8. What if material arrives damaged? Sometimes materials are damaged in shipment and replacements need to be shipped. (Twice we have had helicopters drop loads in the middle of nowhere)
9. Weather can be a limiting factor in some areas. Some days are too extreme to work in and the crew has to take a down day. Too many down days and the crew will be looking for a job in a better environment.
10. Most crew members want to work overtime when out of town. This adds considerable labor costs to the project and has to be added into the estimate.

These are just a few of the issues to consider when estimating a remote project.

"A real friend is one who walks in when the rest of the world walks out."
-Walter Winchell

Monday, February 1, 2010

Remote Building Costs I: Transportation

We have been building in remote areas for over thirty years now but every year we get a surprise or two when estimating off road projects.
Whether you are a mile from a road or four hundred miles from the road system; there are special considerations.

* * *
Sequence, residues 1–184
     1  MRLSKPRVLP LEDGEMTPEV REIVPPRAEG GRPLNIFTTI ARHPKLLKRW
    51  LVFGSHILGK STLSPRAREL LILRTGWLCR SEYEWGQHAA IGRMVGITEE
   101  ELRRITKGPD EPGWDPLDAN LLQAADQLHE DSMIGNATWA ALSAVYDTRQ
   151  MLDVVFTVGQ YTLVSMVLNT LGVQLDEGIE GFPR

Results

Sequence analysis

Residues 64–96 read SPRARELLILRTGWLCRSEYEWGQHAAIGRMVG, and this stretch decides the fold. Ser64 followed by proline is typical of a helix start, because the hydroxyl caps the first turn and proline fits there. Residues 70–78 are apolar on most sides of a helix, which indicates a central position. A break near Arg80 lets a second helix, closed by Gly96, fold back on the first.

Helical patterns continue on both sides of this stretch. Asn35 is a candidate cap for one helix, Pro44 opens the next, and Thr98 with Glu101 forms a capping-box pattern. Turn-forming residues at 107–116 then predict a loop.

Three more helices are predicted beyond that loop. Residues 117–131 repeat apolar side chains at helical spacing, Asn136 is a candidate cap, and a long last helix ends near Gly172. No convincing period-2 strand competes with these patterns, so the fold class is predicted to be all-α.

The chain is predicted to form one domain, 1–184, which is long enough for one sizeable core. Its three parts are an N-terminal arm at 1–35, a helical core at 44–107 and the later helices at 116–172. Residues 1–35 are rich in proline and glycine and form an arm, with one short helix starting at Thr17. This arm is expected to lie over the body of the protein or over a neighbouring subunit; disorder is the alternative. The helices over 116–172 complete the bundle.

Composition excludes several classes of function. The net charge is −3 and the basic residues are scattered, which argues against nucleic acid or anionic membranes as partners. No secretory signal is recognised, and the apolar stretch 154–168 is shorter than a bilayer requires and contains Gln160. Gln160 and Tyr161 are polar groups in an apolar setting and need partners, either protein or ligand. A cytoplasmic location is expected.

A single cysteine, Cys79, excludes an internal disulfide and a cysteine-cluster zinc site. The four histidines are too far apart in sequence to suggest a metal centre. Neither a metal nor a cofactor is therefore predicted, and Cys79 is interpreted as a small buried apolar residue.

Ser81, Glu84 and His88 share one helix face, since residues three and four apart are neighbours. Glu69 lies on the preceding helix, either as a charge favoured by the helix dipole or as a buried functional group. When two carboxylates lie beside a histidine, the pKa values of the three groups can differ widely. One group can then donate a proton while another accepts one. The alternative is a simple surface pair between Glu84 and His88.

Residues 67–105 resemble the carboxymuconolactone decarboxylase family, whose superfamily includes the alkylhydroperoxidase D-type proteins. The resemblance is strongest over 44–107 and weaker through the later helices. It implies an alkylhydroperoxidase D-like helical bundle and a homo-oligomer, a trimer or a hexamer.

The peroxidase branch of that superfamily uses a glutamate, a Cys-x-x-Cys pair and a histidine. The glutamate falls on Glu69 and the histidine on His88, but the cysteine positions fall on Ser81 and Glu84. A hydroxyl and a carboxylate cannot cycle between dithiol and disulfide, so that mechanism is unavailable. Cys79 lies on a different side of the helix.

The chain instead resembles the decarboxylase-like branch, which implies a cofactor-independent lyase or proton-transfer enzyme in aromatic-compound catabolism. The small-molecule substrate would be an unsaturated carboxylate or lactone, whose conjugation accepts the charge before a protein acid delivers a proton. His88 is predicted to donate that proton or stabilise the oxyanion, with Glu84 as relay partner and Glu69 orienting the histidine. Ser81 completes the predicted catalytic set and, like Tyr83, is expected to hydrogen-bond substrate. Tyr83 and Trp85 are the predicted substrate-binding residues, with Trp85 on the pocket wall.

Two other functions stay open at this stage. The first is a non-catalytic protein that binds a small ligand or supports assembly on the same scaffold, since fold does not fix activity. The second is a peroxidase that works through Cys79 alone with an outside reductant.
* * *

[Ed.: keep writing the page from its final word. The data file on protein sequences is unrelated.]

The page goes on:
Most projects on the road system are relatively simple. You order your materials and have them delivered to the site, give your crews directions and meet them at the site and start the work. Off road projects are more problematic.
It really isn't so difficult to build off the road system. It is extremely difficult to build off the road system and make a profit.
There are many things to take into consideration when estimating a remote project; I have a couple of stories for every question listed below that I will address in future blogs. These are a few of the questions we ask or confirm before starting on a remote project. After building over 500 projects statewide we have run into many obstacles that can be career ending if you figure wrong.

1. Location of the jumping off spot; ie, the staging area. How far is it from our base? The crew will need to be compensated for their time traveling.
2. Is there adequate space for material storage at staging area? Do we need to provide equipment ie. forklift for loading the plane or boat.
3. Is staging area secure or do we need to have someone watching the material while we are transporting. Can we leave equipment there overnight or do we need to take it with us?
4. Is there lodging available near the staging area?
5. Is there fuel available or do we need to bring our own?